January 7, 2016

by Dr. Hope Jankunas


Q: Why does my pet need to get his/her teeth cleaned by the veterinarian?

A: Bacteria associated with tartar can invade the area under the gum line and cause tooth and bone decay.  This causes the tooth to become loose and painful, making it difficult to eat.  This bacteria can also travel through the blood to vital organs such as the liver, kidney and heart and cause illness.  It is also responsible for your pet’s bad breath.


Q: How often do I need to have my pet’s teeth professionally cleaned?

A: The time between dental procedures varies between pets based on their breed, age, lifestyle and whether or not they receive daily oral care (brushing the teeth, applying Oravet, etc.).   It is not uncommon for a pet to need the teeth cleaned by the time they are 3-5 years old, and some pets may require it even earlier.  Many pets require annual dental cleanings, and some require it as often as every 6 months.


Q: Why do you have to anesthetize my pet for the dental cleaning?

A:  Anesthesia is used to immobilize the pet for a thorough examination and cleaning, to provide pain management, and to allow us to intubate (place a breathing tube in the airway) to prevent fluid, bacteria and debris from entering your pet’s respiratory tract.  Be aware of businesses that advertise “anesthesia-free dental cleanings,” because if they are not anesthetizing and intubating your pet they are not doing the procedure properly and are putting your pet’s health at risk!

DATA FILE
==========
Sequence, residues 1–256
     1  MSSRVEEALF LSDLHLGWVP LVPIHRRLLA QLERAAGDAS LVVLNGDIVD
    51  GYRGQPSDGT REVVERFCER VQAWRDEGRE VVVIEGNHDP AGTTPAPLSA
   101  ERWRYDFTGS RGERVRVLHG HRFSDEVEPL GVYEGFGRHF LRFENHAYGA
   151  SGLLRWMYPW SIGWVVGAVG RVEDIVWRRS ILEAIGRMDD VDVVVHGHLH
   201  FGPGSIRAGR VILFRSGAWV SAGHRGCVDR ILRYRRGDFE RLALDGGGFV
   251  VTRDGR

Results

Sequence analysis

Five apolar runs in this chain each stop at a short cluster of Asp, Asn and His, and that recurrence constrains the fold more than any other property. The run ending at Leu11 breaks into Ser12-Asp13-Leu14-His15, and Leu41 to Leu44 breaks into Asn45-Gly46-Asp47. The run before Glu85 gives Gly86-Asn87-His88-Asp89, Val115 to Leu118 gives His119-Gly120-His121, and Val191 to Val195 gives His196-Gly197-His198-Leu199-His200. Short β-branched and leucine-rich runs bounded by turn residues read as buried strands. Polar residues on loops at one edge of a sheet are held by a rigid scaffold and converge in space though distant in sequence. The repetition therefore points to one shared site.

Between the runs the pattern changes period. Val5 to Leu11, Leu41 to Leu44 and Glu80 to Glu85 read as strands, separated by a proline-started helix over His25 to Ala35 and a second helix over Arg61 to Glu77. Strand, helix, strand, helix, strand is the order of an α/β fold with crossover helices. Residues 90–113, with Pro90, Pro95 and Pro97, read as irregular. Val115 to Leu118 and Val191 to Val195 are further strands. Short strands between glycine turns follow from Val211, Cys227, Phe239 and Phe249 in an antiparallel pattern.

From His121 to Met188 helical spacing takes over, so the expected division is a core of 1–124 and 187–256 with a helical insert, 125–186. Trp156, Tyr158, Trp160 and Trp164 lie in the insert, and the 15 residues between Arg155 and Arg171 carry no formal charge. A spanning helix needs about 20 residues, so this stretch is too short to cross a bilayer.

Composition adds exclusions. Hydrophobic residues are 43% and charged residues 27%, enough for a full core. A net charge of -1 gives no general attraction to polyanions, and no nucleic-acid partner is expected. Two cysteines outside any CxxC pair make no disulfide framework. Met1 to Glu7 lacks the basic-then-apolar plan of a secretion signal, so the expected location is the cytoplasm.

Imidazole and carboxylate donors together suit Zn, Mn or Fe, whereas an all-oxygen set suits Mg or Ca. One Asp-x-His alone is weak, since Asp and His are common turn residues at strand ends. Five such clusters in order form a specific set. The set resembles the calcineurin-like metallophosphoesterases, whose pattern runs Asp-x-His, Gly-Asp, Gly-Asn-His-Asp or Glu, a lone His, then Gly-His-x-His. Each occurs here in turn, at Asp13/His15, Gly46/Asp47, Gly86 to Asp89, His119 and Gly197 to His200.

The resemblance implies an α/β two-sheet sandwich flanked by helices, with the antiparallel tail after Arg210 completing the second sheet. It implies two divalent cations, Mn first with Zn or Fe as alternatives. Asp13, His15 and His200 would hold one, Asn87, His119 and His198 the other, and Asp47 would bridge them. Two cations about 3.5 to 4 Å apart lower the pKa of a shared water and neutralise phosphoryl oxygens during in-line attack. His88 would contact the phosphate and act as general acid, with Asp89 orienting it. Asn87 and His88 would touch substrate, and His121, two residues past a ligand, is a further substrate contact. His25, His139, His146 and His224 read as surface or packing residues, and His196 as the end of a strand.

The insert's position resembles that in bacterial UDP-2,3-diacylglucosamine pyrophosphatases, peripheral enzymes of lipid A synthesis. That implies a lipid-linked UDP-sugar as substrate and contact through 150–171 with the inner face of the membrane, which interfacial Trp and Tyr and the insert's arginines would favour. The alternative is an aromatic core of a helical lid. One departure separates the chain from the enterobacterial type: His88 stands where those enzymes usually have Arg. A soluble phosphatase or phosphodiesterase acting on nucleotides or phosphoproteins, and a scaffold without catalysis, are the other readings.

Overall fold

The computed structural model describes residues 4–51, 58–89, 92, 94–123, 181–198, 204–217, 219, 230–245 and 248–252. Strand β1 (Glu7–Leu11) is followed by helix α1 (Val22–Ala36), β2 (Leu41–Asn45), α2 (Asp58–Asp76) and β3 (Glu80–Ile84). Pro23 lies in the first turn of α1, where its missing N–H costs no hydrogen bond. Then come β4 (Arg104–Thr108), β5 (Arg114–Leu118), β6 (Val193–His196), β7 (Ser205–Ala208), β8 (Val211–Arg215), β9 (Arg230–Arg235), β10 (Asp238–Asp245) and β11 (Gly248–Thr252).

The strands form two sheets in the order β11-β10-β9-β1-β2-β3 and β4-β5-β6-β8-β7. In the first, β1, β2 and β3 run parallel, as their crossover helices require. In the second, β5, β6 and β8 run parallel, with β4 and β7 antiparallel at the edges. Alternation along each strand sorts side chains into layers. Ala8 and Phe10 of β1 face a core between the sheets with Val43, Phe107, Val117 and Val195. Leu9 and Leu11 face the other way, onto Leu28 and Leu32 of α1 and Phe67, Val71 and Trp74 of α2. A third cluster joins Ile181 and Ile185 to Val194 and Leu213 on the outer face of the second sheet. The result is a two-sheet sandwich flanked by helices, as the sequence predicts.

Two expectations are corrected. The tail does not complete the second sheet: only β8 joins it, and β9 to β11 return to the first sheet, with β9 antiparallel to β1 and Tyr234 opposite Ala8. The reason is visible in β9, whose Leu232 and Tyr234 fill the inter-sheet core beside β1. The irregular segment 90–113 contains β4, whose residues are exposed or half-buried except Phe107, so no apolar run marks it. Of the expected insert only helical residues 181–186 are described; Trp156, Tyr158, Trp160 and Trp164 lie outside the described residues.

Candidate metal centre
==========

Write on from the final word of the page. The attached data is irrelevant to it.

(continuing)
Q: Is anesthesia safe?

A: A physical examination and blood analysis will be performed prior to anesthesia to ensure that your pet is at optimal health for anesthesia.  A Blood Chemistry test allows us to investigate vital organ function (such as kidney and liver) and a Packed Red Blood Cell Volume test checks the oxygen carrying capability.  In pets that are older or have chronic diseases (such as a heart murmur, Diabetes, thyroid disease, kidney disease, etc.), your veterinarian may recommend more in depth blood tests or X-rays to make sure your pet is healthy enough for anesthesia.  We will never put your pet under anesthesia if we feel that it is unsafe to do so.

Your pet will have an IV catheter, which allows direct access to the vein for administering fluids (that help maintain good blood pressure during anesthesia), and emergency drugs if needed.

We use monitoring equipment, such an ECG and pulse-oximeter, to monitor the heart rate and rhythm and oxygen content of the blood.  This is the same equipment used in a human hospital!

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